That kind of urgency necessarily leads to a discussion of cost. Analyses of a recent Democratic House proposal estimated a need to cut 2 trillion dollars over the next 10 years to pay for a dramatic overhaul of the health care system. President Obama this week, according to the reporting of Politico.com, “summoned Democrats from two key Senate committees to the White House on Tuesday to make clear that the bill must control health costs and not add to the deficit.”

The goal is affordable health care plans for everyone, but where does that money come from and who’s going to pay for it?  That’s the big challenge right now. That’s what everyone on the Hill is trying to figure out, while those groups who would suffer under changes are mounting opposition.

I’m not here to characterize the current proposals as good or bad for Americans. In fact, there’s not enough concrete information at this stage to even make that judgment. My concern as a father, a broker and an American citizen is the potential for rushing into a new program too quickly and then have “buyer’s remorse.”

If this is done too quickly we could look back and realize our options or the quality of benefits has been compromised. For example, no legislation should prevent an American from being able to choose his or her own doctor. No legislation should effectively “penalize” those who have taken the steps to secure coverage by forcing them into inferior changes. There’s no evidence that a current proposal would create such limitations, but that’s just the type of unintended consequences that can occur from a rush to action. I just hope that through deliberation, we can put the right plan in place. At Stephenson Welsh, we strongly believe in continuing a private health care system that supports the freedom to choose your own doctors—one in which those who need coverage most are not denied the coverage they need.

It’s a good thing that reforms are being discussed. It’s just essential that we go about this in a thorough, deliberative way.

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Recent Survey: Health Benefits Not on the Chopping Block

According to a recent survey by Workscape, the vast majority of employers are not reducing health care benefits or forcing workers to shoulder more costs despite the state of the economy. Only 20 percent of responding companies reported a reduction or reconstitution of benefit offerings.

The fact that most companies are not decreasing their commitment to employer-sponsored health benefits, even though they are often the costliest of benefits, underscores the critical role of such plans in the overall compensation mix,” said Tim Clifford, President and CEO of Workscape. “Most organizations realize that in order to survive the recession and be poised for growth when the economy rebounds, employees must remain healthy and have peace of mind knowing that their families are protected.”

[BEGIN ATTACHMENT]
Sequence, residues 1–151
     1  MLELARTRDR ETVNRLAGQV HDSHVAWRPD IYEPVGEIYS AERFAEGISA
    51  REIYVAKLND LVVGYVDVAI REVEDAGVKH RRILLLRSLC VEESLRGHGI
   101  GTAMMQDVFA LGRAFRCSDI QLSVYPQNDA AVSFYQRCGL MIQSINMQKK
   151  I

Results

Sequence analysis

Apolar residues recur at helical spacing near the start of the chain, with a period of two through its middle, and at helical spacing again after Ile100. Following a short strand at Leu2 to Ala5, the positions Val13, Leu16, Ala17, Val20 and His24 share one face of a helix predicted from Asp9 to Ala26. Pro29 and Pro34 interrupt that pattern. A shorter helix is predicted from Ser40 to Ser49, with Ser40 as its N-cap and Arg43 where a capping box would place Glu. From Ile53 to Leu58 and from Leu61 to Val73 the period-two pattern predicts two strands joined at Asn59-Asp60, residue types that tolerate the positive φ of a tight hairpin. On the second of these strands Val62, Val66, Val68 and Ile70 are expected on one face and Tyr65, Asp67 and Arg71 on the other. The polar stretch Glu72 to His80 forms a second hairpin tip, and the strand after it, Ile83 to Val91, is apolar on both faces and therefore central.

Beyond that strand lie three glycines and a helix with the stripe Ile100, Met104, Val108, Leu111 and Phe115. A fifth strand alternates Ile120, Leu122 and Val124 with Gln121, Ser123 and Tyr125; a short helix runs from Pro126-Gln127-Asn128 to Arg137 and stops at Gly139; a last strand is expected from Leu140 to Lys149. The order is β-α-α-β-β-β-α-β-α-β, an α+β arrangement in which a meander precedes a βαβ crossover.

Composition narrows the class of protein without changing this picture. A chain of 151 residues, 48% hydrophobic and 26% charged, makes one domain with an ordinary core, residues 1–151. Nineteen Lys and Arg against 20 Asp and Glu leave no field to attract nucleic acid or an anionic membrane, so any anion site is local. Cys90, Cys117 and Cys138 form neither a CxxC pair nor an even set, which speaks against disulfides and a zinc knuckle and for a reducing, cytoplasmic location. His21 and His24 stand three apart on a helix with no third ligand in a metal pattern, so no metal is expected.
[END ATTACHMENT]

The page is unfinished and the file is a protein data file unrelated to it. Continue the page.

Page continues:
This is clearly good news for the industry and good news for most small businesses and employers. One way or another, employers are finding a way to make this work and doing everything possible to not cut health benefits. Forty-four percent of companies responding to the Workscape survey are opting for high deductible plans to offset costs, but all indications are they’re still funding those plans at 100 percent for employees. Some employers are taking steps to cut 401(k) or disability benefits. A small percentage of employers are going to higher employee contributions to pay for their benefits, although the vast majority are not.

The bottom line is to this point, employees’ health benefits are still sacred.

While disability and 401(k) plans as well as ancillary products may suffer cuts in the short term, that’s much better than the early predictions about how the steep recession would impact the health care sector. Instead of a catastrophic impact, this survey shows that employer-sponsored health benefits have withstood the economic downturn and are, in essence, considered the very last to go when a company is struggling financially.

As brokers, we think that’s absolutely the right decision. Health insurance is critically tied to employee satisfaction and is necessary for sustainability. In most industries, benefits are a retention tool. Most employers realize they need to offer quality health insurance to attract and retain quality employees. When considering two jobs that are of equal interest, a savvy talent will usually gravitate toward the superior benefit package. This is especially true in the small- to mid-market space and the technology sector.